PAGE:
BBC News Online
Sacrificing East Anglian beauty spots to the sea is being hailed as a key weapon in the battle against coastal erosion, an expert says.
Allowing the development of salt marsh can protect land and property
The demolition of a 200-metre sea wall on an island in an Essex river estuary has already revealed its effectiveness, said Keith Turner, of the National Trust.
The wall at Northey Island, in the Blackwater Estuary off Maldon, was knocked down two years ago, controversially exposing an acre of National Trust grassland to the sea.
Already 23 species of herb plant have colonised the area and the growing saltmarsh has attracted mud wading birds such as oyster catchers and snipe.
Now people with homes and businesses on vulnerable parts of the coast, land-owners and conservation groups are being asked to consider options in their battle with erosion.
Mr Turner, the National Trust's Essex, Suffolk and Hertfordshire area manager, told BBC Online: "The lessons we have learned from the Northey Island trial have helped us to develop strategies for dealing with erosion problems at all our coastal sites around the British Isles."
This important land includes North Norfolk conservation areas, wildlife sites in Suffolk and other parts of Essex.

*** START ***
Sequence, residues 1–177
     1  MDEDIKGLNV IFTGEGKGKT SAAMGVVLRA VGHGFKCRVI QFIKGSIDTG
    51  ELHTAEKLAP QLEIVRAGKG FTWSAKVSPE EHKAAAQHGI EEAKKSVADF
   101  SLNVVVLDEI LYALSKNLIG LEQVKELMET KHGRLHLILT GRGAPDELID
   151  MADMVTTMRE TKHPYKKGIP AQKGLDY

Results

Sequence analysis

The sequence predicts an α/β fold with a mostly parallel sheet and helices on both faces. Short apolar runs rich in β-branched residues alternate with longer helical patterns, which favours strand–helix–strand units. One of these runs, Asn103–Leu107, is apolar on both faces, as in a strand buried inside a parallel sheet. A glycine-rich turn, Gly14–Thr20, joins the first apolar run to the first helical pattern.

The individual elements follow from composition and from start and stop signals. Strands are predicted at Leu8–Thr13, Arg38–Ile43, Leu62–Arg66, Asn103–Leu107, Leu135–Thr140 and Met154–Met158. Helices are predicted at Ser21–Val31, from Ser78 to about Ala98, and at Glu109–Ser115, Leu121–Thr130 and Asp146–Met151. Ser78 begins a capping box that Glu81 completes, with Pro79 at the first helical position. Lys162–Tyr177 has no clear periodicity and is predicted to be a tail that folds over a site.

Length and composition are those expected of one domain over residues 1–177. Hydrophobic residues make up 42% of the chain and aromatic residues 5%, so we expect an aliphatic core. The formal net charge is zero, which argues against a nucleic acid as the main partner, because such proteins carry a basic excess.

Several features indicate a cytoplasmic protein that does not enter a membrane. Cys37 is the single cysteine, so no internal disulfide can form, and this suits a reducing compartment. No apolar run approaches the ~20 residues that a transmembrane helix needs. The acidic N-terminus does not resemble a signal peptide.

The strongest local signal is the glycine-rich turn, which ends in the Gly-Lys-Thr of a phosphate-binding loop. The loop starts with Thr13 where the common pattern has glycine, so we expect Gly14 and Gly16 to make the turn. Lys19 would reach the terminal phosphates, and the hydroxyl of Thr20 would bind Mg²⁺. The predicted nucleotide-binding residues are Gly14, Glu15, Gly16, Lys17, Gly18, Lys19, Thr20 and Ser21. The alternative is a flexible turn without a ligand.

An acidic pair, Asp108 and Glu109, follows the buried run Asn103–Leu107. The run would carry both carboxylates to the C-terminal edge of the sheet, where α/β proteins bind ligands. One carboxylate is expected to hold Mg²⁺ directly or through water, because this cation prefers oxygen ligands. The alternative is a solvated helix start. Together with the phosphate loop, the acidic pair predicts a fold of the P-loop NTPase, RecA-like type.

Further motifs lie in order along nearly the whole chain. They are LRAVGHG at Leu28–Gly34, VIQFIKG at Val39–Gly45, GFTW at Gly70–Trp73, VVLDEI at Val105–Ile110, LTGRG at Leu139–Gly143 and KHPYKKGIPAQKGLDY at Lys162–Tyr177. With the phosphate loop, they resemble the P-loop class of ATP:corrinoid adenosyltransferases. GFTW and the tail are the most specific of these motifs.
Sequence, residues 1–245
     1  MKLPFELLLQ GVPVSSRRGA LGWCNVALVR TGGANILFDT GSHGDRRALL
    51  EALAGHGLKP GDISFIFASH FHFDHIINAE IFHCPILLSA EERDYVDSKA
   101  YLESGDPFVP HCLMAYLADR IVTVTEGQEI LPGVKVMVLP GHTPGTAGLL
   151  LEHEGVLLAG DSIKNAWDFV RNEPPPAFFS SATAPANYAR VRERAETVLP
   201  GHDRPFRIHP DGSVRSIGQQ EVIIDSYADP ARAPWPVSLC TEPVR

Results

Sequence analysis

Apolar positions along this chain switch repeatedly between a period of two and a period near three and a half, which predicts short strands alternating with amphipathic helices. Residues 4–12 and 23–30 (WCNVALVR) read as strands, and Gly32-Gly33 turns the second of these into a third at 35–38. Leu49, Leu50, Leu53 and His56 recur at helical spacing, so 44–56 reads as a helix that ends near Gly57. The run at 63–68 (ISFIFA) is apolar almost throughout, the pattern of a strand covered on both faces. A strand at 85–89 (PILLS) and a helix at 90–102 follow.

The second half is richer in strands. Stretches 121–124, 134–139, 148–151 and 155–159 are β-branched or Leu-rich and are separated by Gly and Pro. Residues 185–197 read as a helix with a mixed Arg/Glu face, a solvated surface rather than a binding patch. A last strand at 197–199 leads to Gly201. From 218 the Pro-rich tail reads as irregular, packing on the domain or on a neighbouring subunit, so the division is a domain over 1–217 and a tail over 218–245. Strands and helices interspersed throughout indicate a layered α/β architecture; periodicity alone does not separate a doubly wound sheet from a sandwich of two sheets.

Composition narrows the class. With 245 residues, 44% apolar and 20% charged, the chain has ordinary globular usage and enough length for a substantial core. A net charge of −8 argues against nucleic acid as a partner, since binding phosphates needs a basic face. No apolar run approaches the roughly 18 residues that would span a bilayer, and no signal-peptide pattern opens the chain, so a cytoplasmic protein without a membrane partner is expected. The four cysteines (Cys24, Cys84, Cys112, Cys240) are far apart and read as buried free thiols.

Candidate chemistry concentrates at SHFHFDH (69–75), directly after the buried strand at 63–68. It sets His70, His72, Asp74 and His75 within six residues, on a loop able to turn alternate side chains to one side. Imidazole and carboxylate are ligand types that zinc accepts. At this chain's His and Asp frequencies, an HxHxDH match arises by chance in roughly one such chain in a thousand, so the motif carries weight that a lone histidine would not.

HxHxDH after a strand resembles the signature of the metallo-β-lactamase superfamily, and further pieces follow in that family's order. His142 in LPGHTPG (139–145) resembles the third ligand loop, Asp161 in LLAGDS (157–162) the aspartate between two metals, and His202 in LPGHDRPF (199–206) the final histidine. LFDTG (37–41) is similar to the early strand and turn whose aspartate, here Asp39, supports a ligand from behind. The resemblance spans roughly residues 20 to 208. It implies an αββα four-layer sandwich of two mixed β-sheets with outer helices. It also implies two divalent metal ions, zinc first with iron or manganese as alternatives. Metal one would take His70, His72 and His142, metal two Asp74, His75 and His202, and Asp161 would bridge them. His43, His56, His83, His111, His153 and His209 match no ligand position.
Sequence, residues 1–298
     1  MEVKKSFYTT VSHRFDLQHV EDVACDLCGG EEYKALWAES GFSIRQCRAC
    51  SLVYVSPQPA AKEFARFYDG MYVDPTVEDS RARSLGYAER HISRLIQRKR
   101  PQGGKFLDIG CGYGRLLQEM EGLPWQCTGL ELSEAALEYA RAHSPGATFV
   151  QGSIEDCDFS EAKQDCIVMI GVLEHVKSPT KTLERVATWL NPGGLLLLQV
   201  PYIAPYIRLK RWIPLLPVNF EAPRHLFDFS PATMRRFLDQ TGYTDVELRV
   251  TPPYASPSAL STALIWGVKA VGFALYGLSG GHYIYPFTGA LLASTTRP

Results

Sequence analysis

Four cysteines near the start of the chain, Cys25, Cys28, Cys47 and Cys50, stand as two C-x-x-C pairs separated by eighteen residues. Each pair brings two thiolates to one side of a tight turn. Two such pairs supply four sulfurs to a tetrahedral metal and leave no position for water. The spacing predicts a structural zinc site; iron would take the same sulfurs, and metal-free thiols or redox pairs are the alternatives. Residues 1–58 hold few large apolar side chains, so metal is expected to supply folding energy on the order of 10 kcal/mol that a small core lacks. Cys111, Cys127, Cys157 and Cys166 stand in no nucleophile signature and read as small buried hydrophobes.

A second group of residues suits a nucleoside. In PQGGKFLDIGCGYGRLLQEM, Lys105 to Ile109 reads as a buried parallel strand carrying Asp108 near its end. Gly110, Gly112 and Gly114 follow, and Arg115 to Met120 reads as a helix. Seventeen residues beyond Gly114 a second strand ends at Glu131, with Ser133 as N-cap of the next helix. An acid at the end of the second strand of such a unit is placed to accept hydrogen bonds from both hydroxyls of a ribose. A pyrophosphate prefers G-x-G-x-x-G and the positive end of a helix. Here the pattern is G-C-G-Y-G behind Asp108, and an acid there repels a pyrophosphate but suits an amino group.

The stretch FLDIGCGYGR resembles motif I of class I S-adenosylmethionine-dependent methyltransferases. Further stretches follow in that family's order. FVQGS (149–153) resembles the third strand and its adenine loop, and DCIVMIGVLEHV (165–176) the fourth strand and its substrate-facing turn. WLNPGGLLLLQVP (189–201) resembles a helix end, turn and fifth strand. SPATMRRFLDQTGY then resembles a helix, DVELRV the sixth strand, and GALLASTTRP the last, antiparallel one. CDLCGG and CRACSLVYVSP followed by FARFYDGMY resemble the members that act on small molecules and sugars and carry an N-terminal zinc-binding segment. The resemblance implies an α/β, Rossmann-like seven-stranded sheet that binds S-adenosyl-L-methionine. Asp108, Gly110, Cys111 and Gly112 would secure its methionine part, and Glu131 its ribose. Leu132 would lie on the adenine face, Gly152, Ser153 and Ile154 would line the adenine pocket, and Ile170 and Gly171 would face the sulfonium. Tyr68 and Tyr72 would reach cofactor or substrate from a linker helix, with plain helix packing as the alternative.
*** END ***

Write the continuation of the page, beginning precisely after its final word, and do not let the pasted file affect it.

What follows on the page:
Places like Happisburgh in Norfolk, Abbotts Hall in Essex and parts of Suffolk could benefit from the new data.
"We are now sure there is no panacea - no single answer," Mr Turner said.
"We have been working closely with the Environment Agency to study the dynamics of the Blackwater Estuary.
"We now understand that salt marsh development, maintenance of sea walls and allowing controlled flooding of grasslands all have their place in dealing with erosion.
"We also know where each one works best and a report now due will designate which answer is best for which of our coastal sites."
At Northey Island the sea reclaimed the original creek system which was drained when the area was turned into grassland in the 18th Century.
"The beauty of the managed retreat policy is that each successive tide is full of silt which is deposited over the developing salt marsh bringing nutrients to the plants," Mr Turner adds.
"This also helps to counter the effects of global warming and land movements affecting the east coast. East Anglia is dipping into the sea at the rate of 2mm per year but the tides are dropping a lot more silt to protect the land behind.
"With a sea wall there is a lot of maintenance and repair. It is also possible to allow certain patches of grazing land to flood every six or so years to relieve pressure from the sea.
"All these are answers to erosion problems we have been able to identify from the Northey Island studies."